Carbondale's community connector

A beautiful place at odds with its own future

Locations: Columns Published

I love Carbondale and the Roaring Fork Valley!

Where else can you find four known rivers converging, Mt. Sopris’ constant vigil over us all and cattle walking down Main Street? The mix of friendly and caring folks all around gives somewhat of a mirror image of being in New Zealand, a place where people still care about people and the God they worship. I did not realize such a place existed in America yet have found the calm, peace and warm openness nestled here on the Western Slope. Carbondale is an amazing and very special gift to us all. So when I am in conversations about Carbondale and its future there seems to always be a mysterious viewpoint of a Town vs. new ideas, development and new sources of (apparently much needed) sales tax revenue.

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I remember when I first arrived in Carbondale almost a year ago the resounding message to me was “don’t try to improve anything in Carbondale as the Town, its Trustees and its citizens will vote it right down.” I found that an educational moment but also could not fully accept what I was hearing. From dozens of conversations with town folks I kept being told that Carbondale never wanted to change a thing. While at some level this is certainly understandable it is also confounding when one sees the development and growth happening north and south of us while Carbondale seemingly ponders and ponders away. To maintain all the wonderful characteristics of the place we love one must accept change as only change can bring the funds for keeping the charm and uniqueness of our town intact.

Most conversations for the future end the proverbial question of “how will we pay for that?” Colorado’s structure of smaller towns living on sales tax revenue puts a focus on retail activity and plenty of foot traffic. In speaking with some business leaders I learned that the only real foot traffic comes with the cattle drives through town. If only cattle had money to buy things!

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Our beloved Main Street is about two blocks short of being a retail success. More reasons are needed for people to linger a while before or after enjoying our great eateries and the easily found peace of walking through town. The solutions to a vibrant retail and restaurant downtown existence are within reach and achievable. So why, in the view of the vast majority of people I have talked with, is the problem with this thinking always “new ideas will get voted down?”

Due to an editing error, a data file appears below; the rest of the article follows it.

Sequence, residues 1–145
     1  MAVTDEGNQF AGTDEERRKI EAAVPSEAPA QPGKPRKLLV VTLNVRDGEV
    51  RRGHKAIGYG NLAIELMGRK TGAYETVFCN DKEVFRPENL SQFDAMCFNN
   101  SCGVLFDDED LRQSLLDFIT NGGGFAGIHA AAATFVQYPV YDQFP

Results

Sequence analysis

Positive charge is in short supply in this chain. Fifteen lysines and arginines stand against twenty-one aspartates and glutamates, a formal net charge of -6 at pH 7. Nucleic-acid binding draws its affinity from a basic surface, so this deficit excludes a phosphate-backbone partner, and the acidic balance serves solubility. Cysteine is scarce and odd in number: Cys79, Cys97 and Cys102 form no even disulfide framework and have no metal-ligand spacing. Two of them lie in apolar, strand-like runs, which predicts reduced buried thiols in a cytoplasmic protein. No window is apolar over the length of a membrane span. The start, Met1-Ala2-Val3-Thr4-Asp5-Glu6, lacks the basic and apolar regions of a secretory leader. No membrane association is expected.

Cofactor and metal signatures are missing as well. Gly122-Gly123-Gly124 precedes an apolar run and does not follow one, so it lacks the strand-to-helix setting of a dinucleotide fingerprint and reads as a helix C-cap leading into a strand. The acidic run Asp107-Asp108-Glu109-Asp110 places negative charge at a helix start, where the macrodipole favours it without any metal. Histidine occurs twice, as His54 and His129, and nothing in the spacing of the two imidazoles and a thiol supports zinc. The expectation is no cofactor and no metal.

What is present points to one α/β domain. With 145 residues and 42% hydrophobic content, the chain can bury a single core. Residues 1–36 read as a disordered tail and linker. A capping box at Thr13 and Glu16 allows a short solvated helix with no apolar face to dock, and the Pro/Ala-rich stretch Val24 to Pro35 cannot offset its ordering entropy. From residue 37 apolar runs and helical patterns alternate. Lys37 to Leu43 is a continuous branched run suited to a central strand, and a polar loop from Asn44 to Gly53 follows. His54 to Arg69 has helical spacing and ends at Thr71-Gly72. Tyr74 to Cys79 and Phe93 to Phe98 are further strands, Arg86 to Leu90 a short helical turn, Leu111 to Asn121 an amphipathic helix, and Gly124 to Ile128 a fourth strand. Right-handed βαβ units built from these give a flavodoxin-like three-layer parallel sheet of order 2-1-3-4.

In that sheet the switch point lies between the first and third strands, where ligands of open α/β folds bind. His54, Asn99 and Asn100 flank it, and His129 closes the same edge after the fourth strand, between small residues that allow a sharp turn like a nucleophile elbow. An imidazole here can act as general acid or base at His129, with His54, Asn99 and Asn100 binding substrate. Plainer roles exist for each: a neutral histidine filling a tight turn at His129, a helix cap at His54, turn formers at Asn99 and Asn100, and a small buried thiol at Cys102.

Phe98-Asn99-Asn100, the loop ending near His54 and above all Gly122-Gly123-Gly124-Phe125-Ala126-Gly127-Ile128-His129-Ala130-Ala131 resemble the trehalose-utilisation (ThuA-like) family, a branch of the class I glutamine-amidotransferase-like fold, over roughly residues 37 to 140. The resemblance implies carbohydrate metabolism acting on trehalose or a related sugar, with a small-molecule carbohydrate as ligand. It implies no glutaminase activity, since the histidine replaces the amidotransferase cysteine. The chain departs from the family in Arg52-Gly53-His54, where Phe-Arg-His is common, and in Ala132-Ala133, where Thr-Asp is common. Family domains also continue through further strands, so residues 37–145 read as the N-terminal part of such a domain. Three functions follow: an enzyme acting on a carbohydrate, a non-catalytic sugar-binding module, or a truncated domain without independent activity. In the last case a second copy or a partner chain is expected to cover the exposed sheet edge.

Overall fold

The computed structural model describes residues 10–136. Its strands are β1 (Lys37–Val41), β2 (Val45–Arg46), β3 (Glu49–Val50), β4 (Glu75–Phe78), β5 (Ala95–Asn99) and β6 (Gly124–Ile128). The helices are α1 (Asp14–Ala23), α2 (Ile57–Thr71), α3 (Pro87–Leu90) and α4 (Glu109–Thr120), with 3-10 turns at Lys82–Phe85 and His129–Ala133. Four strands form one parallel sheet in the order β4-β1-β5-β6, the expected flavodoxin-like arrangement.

It has been pointed out to me that there is an extremely difficult, adversarial and expensive process new development must go through to have a prayer of getting approved. I have also learned that the percentage requirement for affordable housing is the highest in the Valley (Glenwood Springs just eliminated this requirement entirely). I understand that the fees charged by the city are also way out of whack. Simple math says that accepting the current terms and conditions by a developer or current business means going into a project with a high risk of losing money and/or using the cheapest materials possible to make reasonable return.

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I was amazed to learn that the Town and the trustees of past were also willing to risk a major portion of the town’s revenue by delaying the City Market project. Is this effective caretaking for the good of the majority of the town? Or are steps like this a private town leadership agenda that could add the word ghost before town?

I have not yet discovered what the town leadership is trying to protect and why there is a perception it is so seemingly antagonistic towards revenue producing improvements and change. Our beautiful rivers will remain, Mt. Sopris is not going anywhere and, as the ranchers will surely tell you, they are not converting to raising salmon, so just what is being protected? Why are other towns bursting with activity while all we have seen is the bulldozer, grass and new fencing?

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Are we saying we do not want new things in our town? Do we not want to continue the many special events sponsored by the town and merchants (Mountain Fair, Potato Day, 4th of July, 5 Point Film Festival, First Friday, Oktoberfest, etc.), all funded by tax revenue? Do we not want people to come visit our special town?

It is a mistake to continue operating in the past and pretending we have a Carbondale Mint to print the monies needed to run the town. What is needed is a friendly, cohesive, cooperative and integrated future plan for the majority of our citizens. Carbondale needs an openness and willingness by its leaders to listen and act positively while not building obstacles for the sake of creating them.

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Some of the folks around here remember the impact of the mines closing down. That could be the town’s outcome. Like you, I would vote for that not to happen again with a willing and prepared Carbondale leadership that wants to secure the town’s future vitality. Establishing this robustness and maintaining the character and charm of Carbondale can only be funded by new development and the expansion of businesses already making significant contributions.

John Runne has spent several years working to improve public and private companies and also painted and published original art that has gained regional and national recognition.

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